The cross-platform license is also fantastic. There will be those days where you, for some reason, arrive on a Windows box and having Sublime Text around will make your day substantially less painful.
Sublime Text 2 is almost entirely C++ (with a smattering of Objective C for Cocoa and Python for plugins). Coding is generally fairly straight forward: code on one platform (mostly Linux at the moment, but I switch around frequently), and then make sure it still compiles elsewhere.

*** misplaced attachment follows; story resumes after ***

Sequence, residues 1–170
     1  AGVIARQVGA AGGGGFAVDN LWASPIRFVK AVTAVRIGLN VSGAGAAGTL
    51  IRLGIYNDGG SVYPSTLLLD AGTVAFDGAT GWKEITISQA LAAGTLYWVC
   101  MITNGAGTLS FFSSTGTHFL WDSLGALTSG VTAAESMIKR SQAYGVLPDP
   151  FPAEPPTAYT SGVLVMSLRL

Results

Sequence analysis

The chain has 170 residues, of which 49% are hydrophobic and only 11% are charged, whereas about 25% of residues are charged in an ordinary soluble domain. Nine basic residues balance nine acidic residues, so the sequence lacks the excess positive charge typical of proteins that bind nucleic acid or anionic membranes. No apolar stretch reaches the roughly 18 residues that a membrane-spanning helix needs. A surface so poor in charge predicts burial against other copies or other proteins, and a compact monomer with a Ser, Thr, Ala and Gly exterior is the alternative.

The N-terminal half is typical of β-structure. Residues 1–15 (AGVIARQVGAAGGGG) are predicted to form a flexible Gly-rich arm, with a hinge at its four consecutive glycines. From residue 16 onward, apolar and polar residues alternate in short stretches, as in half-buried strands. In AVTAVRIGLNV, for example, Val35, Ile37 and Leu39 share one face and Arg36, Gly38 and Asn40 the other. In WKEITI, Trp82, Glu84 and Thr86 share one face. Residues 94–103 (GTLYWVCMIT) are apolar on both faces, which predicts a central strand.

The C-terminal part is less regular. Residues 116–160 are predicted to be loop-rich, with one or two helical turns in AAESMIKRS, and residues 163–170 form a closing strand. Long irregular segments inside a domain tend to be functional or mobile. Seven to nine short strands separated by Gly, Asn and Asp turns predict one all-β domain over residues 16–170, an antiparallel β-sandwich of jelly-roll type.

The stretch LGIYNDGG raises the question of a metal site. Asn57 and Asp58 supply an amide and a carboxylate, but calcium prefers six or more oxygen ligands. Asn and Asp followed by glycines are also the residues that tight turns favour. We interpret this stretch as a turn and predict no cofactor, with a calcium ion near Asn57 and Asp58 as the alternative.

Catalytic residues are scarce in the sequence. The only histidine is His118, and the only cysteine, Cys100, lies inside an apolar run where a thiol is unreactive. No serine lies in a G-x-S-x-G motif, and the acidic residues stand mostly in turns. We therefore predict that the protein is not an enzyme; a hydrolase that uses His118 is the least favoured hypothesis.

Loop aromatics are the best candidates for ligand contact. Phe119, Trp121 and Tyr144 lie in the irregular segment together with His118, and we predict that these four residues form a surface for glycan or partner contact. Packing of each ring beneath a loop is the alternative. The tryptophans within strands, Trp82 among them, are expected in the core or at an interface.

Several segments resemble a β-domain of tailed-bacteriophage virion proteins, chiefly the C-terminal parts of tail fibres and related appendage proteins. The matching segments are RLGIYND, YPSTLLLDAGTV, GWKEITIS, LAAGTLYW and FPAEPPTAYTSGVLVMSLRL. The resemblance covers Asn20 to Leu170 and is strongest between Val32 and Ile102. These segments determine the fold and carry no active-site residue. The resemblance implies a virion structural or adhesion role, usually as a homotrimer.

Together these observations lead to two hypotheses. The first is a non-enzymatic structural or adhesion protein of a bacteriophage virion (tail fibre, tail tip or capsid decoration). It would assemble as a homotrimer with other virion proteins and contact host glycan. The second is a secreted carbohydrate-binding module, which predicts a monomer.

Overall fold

Sublime Text 2 itself uses a custom UI toolkit. There are a lot of apps where this may not make sense, but it's not such an unreasonable choice for Sublime Text, where I always knew that a lot of the UI controls were going to have to be custom no matter the toolkit (e.g., the text control and tab controls). The UI toolkit sits on top of a cross platform abstraction layer, which is more a union of platform functionality rather than lowest common denominator.